Note: Where available, the PDF/Word icon below is provided to view the complete and fully formatted document
Government Treaty with Aboriginal Australians and the New Commission (ATSIC), low priorities for many Aboriginal people

Download PDFDownload PDF


Chris M I L E S


"The Government Treaty with Aboriginal Australians and the New Commission (ATSIC) for Aboriginal Affairs were low priorities for many Aboriginal people," Mr. Miles the Opposition Spokesman for Aboriginal Affairs said today.

At best Aborigines said they would wait and see what a Treaty meant, but many were of the opinion that it was a mirage, or like a stagnant water hole.

Others feared that if a treaty were signed they would be regarded as the COnauered and that it. would oive some Australians a basis nn whirh tn argiio that no more financial assistance should be provided for health, housing and education for Aboriginal communities.

Mr. Miles had just completed a tour of several Aboriginal communities in three States.

Several communities put their case for mining, desert farming and pastoral cattle and sheep grazing on land controlled by Aborigines.

Aborigines said they had always used the land to maximise the benefits to their people but now there were lawyers, advisors and anthropologists who were acting in ways that prevented enterprtsed developments.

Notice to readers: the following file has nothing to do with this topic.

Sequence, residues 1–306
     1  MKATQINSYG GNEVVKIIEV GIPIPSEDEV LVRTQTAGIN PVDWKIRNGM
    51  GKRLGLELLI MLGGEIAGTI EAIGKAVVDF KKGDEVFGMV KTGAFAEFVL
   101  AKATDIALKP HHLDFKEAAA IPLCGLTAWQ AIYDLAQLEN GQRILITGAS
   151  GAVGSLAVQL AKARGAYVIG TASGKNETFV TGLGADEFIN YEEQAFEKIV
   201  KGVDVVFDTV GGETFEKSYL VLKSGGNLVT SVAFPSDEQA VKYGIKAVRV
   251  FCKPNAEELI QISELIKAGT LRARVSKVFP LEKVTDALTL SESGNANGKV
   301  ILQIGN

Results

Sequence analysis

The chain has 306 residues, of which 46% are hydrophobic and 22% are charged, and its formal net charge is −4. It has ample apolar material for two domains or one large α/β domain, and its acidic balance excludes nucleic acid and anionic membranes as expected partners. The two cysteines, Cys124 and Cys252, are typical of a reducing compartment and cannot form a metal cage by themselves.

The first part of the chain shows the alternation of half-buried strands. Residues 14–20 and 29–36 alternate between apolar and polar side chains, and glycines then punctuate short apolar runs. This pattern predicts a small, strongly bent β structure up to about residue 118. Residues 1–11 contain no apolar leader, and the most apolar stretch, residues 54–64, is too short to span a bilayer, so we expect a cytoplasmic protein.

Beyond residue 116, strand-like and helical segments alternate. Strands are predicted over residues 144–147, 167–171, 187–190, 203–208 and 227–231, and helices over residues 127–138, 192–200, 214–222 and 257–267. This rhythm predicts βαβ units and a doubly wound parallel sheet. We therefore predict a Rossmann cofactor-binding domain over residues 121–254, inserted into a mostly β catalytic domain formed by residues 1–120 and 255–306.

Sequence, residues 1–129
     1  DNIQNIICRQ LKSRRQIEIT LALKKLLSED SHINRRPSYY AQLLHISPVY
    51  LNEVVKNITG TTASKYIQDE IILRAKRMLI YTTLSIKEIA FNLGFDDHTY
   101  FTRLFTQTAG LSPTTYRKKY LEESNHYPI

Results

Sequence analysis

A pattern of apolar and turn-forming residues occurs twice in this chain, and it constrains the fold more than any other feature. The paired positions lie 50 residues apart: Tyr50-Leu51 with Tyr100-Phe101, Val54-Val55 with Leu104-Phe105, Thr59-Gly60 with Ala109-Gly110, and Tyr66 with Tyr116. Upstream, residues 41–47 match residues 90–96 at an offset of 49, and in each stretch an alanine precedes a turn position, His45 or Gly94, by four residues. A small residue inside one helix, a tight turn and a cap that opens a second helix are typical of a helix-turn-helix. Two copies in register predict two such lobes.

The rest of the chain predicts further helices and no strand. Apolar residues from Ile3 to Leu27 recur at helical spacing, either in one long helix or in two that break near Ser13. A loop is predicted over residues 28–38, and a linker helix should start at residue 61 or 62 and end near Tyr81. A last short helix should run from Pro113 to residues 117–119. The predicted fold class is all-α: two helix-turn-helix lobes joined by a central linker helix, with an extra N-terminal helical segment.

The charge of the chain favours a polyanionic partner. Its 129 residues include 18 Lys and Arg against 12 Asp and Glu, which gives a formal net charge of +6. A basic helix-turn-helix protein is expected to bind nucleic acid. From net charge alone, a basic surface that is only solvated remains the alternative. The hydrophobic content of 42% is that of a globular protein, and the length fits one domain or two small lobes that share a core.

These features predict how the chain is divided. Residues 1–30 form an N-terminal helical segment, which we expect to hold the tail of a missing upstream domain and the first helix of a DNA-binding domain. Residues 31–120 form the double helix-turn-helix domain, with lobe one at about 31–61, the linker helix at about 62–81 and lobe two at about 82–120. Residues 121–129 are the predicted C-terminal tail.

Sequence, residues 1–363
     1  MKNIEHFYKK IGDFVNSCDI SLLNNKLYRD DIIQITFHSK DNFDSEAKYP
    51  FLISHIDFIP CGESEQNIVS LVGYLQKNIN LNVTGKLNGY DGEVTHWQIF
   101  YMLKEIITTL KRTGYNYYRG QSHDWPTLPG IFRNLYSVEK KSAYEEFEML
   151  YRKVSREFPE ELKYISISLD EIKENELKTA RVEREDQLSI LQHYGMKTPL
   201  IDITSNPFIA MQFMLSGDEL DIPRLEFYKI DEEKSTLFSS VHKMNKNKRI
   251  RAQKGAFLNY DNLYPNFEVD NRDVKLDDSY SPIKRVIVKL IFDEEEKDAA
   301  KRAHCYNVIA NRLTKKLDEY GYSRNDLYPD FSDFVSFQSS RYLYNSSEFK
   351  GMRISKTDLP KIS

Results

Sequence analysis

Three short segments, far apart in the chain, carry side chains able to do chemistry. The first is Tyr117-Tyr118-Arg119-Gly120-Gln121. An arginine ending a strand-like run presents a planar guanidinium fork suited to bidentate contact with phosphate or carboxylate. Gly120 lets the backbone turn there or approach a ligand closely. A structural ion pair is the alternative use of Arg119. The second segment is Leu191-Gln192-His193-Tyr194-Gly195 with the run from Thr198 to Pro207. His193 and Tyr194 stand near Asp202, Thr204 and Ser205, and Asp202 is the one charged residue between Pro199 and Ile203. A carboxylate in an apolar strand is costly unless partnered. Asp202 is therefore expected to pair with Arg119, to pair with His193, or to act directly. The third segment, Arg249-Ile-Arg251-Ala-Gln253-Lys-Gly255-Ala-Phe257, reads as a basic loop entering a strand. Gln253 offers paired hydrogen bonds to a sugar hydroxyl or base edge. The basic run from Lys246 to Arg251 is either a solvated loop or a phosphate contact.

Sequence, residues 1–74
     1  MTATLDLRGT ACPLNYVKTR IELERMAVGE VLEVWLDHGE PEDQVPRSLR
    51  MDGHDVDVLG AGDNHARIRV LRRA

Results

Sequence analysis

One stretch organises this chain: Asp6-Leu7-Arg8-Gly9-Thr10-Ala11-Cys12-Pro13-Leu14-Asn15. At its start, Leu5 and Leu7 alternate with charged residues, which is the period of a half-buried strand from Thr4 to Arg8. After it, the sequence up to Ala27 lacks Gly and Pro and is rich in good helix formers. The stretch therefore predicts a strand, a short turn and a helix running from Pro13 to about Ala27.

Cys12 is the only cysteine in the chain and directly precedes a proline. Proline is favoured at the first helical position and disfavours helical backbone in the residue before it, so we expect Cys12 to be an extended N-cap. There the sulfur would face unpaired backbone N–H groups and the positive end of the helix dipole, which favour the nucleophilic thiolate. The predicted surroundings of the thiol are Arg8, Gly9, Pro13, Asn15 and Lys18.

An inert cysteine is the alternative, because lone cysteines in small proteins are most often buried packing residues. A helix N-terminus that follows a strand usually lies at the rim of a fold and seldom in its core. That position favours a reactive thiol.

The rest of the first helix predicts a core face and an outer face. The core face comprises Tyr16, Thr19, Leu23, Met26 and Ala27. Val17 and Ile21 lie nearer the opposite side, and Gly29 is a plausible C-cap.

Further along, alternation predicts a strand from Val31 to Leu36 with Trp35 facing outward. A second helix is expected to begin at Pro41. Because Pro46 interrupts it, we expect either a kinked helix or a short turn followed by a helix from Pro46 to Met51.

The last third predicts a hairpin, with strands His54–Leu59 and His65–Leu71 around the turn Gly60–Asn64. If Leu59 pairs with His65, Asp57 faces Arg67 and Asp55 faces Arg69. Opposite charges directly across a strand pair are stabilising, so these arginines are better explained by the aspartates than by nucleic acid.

"The lack of s u r p r i s e d developments meant that Aboriginals could not be self-sufficieaS^ileid remained locked into the welfare system," Mr. Miles said.

"Education, health, housing and Aboriginal run enterprises were the priorities most frequently discussed in the communities visited.

"Many had deep concerns about the increased power of the Minister in the proposed Aboriginal and Torres Strait Island Commission and the centralization of decision making in Canberra.

"Self management and local input was becoming less and less under the present Minister and the sacking of the Aboriginal Development Commission Commissioners was referred to by Aboriginal people as evidence that the Government did not

want to listen to people with views different to the G o v ernm ents.

"The result of centralized control and massive duplication in Aboriginal Affairs meant that only an estimated 15 per cent to 35 per cent of funds allocated ever reached the people most in need," Mr. Miles said.

July 12, 1988. contact Stephen Wade

004 311333